Okay, I admit this book is problematic. It romanticizes colonialism, and Sara is perhaps a little too perfect and noble 98% of the time. It uses “Oriental” way too much (though I confess I love how often Sara is described as “queer”), and this whole notion of elevating the status of “princess” to being synonymous not just with untold riches, but also the most pure and virtuous of souls, seems a little outdated to say the least. About as outdated as “Oriental,” in fact.
But I had very fond memories of the book, which is why I added it to my list to re-experience. And I can say with confidence now is that it’s a valuable PG-rated story of child abuse and suffering, especially in 19th England, without the many legal protections that exist today.
It’s also an unabashed celebration of capitalism and classism. Even the first time I read it (probably as a preteen), I understood its classification as a “riches to rags to riches” story. That describes a story exploring the trajectory of a character who topples from the most privileged place to the least privileged, then back again to the top.
A modern version of this story might have the protagonist learning different lessons or elevate other characters, the ones at the bottom, along the way. Not so in A Little Princess, where it’s taken for granted that only Sara deserves to be elevated out of her rags back into her finery, and the only rescue for the scullery maid is that she gets a nicer position away from the tyrant, but still serving as handmaid to the little rich girl.
Everyone worships Sara Crewe and no one is her equal. I grew a little frustrated, especially with her friend Ermengarde, who is always emphasized to be so dumb and went on to prove it, shortly after Sara is banished to live in the attic and act as a drudge: Ermengarde finally went to Sara to ask, “Why don’t you like me anymore?” Because Sara’s father’s death and the radical change in her life from star pupil to slave is really about Ermengarde, of course!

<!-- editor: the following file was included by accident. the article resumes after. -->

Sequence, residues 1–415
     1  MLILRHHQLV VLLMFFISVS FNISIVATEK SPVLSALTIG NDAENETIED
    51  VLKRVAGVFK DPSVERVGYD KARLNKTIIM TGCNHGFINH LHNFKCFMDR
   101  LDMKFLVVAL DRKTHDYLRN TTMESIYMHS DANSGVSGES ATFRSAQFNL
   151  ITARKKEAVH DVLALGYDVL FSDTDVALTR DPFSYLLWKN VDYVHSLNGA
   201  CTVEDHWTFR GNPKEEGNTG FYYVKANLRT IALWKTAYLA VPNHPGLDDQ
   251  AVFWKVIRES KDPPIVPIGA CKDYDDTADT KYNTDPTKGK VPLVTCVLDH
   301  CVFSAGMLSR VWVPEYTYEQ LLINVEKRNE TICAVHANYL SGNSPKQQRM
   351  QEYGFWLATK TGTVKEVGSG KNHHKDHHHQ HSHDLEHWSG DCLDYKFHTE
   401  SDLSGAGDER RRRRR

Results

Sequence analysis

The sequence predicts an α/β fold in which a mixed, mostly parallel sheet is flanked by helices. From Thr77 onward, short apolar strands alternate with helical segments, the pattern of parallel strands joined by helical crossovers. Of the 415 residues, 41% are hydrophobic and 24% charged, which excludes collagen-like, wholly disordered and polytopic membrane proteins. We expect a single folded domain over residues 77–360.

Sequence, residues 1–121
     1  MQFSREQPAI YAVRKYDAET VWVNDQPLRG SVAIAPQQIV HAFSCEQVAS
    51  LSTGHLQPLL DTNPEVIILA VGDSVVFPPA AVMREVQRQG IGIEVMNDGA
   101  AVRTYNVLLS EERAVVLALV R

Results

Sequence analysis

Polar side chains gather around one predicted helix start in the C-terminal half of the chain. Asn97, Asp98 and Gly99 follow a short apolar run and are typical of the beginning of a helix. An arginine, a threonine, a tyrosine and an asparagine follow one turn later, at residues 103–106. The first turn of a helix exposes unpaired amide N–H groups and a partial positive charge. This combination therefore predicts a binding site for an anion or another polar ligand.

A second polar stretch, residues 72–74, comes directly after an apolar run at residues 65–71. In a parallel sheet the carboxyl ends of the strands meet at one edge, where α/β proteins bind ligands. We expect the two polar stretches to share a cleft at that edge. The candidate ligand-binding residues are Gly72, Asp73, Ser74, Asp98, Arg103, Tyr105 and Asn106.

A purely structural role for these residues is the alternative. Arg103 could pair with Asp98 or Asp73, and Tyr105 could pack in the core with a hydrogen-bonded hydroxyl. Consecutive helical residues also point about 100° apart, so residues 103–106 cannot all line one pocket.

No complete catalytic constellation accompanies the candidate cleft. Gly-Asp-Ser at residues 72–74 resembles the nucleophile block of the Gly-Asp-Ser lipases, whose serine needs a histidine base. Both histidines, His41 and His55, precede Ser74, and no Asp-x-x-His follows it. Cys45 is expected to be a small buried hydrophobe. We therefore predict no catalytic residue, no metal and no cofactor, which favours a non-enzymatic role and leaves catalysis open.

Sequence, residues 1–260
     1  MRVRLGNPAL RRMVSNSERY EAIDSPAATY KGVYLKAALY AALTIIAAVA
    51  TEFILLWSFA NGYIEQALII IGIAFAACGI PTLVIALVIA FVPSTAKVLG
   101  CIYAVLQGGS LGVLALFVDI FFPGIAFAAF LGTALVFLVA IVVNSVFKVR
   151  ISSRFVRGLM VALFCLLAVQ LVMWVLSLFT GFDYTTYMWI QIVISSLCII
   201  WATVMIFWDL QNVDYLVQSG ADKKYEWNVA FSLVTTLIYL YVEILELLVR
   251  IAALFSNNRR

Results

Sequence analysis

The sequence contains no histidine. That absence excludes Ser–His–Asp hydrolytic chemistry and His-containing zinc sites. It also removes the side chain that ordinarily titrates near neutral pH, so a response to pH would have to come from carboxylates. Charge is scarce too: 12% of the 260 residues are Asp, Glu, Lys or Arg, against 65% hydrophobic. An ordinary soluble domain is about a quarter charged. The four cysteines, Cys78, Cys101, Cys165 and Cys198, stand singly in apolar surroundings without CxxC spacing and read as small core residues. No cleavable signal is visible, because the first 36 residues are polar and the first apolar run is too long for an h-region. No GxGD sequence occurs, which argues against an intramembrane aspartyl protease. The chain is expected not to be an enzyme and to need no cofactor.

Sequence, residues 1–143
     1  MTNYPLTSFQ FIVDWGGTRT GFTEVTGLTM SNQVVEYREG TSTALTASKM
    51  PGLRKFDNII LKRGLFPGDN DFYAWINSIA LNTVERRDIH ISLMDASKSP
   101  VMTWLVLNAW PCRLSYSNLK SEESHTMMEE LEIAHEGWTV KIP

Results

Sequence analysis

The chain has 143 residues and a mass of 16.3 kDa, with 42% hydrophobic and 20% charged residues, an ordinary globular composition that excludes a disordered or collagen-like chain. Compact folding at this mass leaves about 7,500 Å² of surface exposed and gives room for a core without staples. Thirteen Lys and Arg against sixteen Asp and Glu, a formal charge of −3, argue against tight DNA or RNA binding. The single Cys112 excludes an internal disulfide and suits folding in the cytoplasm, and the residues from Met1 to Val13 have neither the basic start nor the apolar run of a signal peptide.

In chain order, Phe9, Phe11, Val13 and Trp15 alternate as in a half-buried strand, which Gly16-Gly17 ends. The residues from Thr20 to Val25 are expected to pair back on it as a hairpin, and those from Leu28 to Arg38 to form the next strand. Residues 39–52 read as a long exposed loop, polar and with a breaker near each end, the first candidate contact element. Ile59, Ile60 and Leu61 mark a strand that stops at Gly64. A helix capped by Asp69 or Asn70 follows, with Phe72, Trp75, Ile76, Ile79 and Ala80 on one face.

But I like the story for how it exalts the power of imagination as a powerful tool in surviving adversity, which I support. Of course, it’s not really everything — one does need to actually be rescued, which usually involves outside forces, as happened here (and um, they completely skipped over the creepiness of adult men breaking and entering into Sara’s attic to bring in all manner of stuff while she’s sleeping). It suffices for a PG depiction of abuse — and even that PG description took into account the lack of child labor laws and protections in Victorian England. Even in this PG version, Sara is told to go a whole day without a meal.
The real element missing is how vulnerable she’d be the worst sorts of predators, especially from 11 to 13. That could have well been the one trouble she couldn’t drive away with imagination, as she would be forced to grow up.
I’m still a sucker for many parts of this story, from how she suffers to the final confrontational scene between her and Miss Minchin, and then the one between Miss Minchin and her sister Amelia. That could easily rank among the most satisfying literary showdowns delivering truth and justice.
Finally, it’s a shame this is not a true statement of cause and effect in our world:
“Perhaps someone has left her a fortune,” Jessie whispered. “I always thought something would happen to her. She’s so queer.”